StartingBloc Presentation: A Vision for the World in 50 Years

March 23, 2009 · Print This Article

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The last two Saturday mornings of my life have been spent on Powerpoint. But it was worth it.

So I’m standing in front of 150 social entrepreneurial peers at Yale on Saturday, attempting to set the scene for why I think we can actually end poverty, hunger, genocide, warfare, and preventable disease in our lifetimes.

First, I start with the challenges.

This is a continuation of the last post “The Great Challenge of our Generation.” The material comes from my StartingBloc presentation on Saturday, “The Immense Opportunity our Generation Has.”

First, let me take a step back and take a shot at some of the major the causes of this economic decline. Some of these causes may be controversial or debatable, but it’s a stab.

The Major Causes of the Economic Decline

  1. De-regulation of financial industry in 1999 (Glass-Steagall)
  2. Low interest rates to stem 2001-2002 recession
  3. Easy credit to unqualified home buyers from 2002-2007
  4. Lack of consumer savings in the U.S.
  5. Over-leveraging of trading accounts
  6. Over-derivitization of securities, de-linked from their underlying assets (CDOs, credit swaps, MBSs)
  7. The collapse of key counterparties to risk

And the resulting effects of the declines…

The Effects of the Economic Decline

Mar 2008 – Forced Sale of Bear Sterns to JP Morgan
Jul 2008 – IndyMac Bank collapses
Sep 2008 – Bailout of Fannie Mae, Freddie Mac, and AIG, Forced Sale of Merrill Lynch and Wachovia, Collapse of Lehman Brothers
Oct 2008 – $700 billion U.S. government TARP
Feb 2009 – Unemployment rises to 7.6%, over 3.6 million jobs lost, DJIA down 50% from Oct 2007 peak, $787 billion U.S. government stimulus package

Finally, I listed the key global challenges we currently have:

Key Global Challenges

  1. Extreme hunger and food distribution
  2. Water sanitation and distribution
  3. An $11 trillion U.S. government debt and unfunded liabilities in Medicare, Medicaid, and Social Security
  4. Lack of access to childhood education
  5. Infant mortality, Malaria, measles, TB, diarrhea, HIV/AIDS
  6. Human rights violations and sex trafficking
  7. Climate change causing increasing temperatures
  8. Nuclear proliferation
  9. Major conflicts in Congo, Palestine, Sudan, Afghanistan, Iraq
  10. Lack of transparent leadership in Zimbabwe, N. Korea, Somalia

And finally listed all the great entrepreneurial opportunities there are in the world that entrepreneurs can work to solve–all of which could generate a billion dollar business…

Key Global Entrepreneurial Opportunities

  1. Agricultural production yields
  2. Food distribution and logistics
  3. Water collection, sanitation and distribution
  4. Wireless electricity distribution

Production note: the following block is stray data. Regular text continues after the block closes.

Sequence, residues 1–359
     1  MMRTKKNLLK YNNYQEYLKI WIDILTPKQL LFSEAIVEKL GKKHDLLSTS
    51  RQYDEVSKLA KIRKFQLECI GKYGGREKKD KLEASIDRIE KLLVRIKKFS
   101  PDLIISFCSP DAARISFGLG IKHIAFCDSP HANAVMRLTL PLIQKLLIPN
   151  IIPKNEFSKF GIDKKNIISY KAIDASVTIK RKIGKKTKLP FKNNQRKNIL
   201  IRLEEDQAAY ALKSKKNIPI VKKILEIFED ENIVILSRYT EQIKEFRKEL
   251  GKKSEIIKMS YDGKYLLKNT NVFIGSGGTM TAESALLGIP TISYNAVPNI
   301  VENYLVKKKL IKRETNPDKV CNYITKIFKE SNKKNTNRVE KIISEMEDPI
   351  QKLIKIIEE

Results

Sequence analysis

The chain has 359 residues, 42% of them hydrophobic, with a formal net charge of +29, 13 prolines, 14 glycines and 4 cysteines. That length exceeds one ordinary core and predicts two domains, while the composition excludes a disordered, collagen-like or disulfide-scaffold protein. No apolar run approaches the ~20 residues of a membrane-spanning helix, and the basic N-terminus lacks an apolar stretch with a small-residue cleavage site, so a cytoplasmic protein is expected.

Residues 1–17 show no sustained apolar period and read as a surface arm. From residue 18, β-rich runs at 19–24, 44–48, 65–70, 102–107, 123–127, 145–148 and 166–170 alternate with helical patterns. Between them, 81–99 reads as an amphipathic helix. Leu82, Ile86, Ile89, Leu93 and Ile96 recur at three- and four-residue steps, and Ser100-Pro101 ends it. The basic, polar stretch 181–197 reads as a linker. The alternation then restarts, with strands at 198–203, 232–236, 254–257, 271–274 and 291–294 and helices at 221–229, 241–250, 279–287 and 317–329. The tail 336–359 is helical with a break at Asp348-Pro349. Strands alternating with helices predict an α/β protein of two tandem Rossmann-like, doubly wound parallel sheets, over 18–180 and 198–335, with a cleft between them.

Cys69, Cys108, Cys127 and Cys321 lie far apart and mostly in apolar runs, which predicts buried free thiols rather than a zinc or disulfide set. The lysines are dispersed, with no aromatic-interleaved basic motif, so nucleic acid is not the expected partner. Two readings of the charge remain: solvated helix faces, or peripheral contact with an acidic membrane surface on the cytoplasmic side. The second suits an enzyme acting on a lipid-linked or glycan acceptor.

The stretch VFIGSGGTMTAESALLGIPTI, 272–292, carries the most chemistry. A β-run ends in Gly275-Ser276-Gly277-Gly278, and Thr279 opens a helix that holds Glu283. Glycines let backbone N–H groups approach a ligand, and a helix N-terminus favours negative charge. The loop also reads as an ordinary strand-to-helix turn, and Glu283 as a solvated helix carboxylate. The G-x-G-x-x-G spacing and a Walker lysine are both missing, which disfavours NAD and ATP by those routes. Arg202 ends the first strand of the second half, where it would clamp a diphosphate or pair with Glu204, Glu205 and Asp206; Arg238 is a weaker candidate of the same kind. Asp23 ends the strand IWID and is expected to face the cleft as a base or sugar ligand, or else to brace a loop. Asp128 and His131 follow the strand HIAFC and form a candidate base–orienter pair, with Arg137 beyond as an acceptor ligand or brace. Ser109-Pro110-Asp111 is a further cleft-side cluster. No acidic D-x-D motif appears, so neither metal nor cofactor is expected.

5. Wireless mesh broadband networks
  6. Ending conflict through trust and communication
  7. Leadership transparency consulting
  8. Improved education and reform
  9. Improved preventative health care and reform
  10. Clean tech/alternative fuel (the coming Green Revolution)

A Vision for the World

So, with these great challenges and opportunities in mind, I’d like to work with each and every one of you over the next fifty years to shape a world that addresses the great inequities of opportunity in the world all based on the principle that all human lives have equal value. A world in which…

  1. There is no killing of humans on a mass scale (genocide or warfare)
  2. All humans have access to the basic human needs of clean water, nutritious food, shelter, and primary education
  3. We end preventable diseases like malaria, TB, and measles
  4. We are environmentally sustainable

Is this possible?

Some may laugh.

But there’s no legitimate reason why humans have to kill thousands, tens of thousands of humans on a mass scale. Especially not in an age of increased communication and hopefully increased trust. Is there?

There’s no legitimate reason why if we have the logistical ability to get a package to Shanghai by the morning that we can’t create a system that enables basic, inexpensive food to be produced and distributed to starving children in the developing world, especially not in an age of increased grain yields. Is there?

There is no legitimate reason why preventable diseases can’t be prevented in the next 50 years. By definition. Is there?

And there is no legitimate reason why we cannot find alternative energies to fossil fuels that don’t destroy the world. Is there? We already have them. They’re just a bit more expensive per KWh than fossil fuels. This price doesn’t include the true cost of the externalities caused by the fossil fuels currently being paid by society. As Tom Friedman talks about in Hot, Flat, and Crowded, once we scale the usage of alternative energies, their price per KWh will quickly come down to be sustainable from an economic and environmental standpoint.

We’ve had bigger challenges before. In 1962 in the midst of the Cuban missile crisis. In 1943 in the midst of World War II. In 1930 in the middle of the Great Depression when unemployment was at 25%. These are challenges our generation can overcome if we make the right sacrifices and investments in education, infrastructure, leadership, and sustainability.

People laughed at Edison when he said he had a device that recorded sound.

People laughed at Marconi when he claimed had a device that wirelessly transmitted sound.

People laughed at Yunus when he said he could lend to poor women with no assets.

Your thoughts? Is this world possible?

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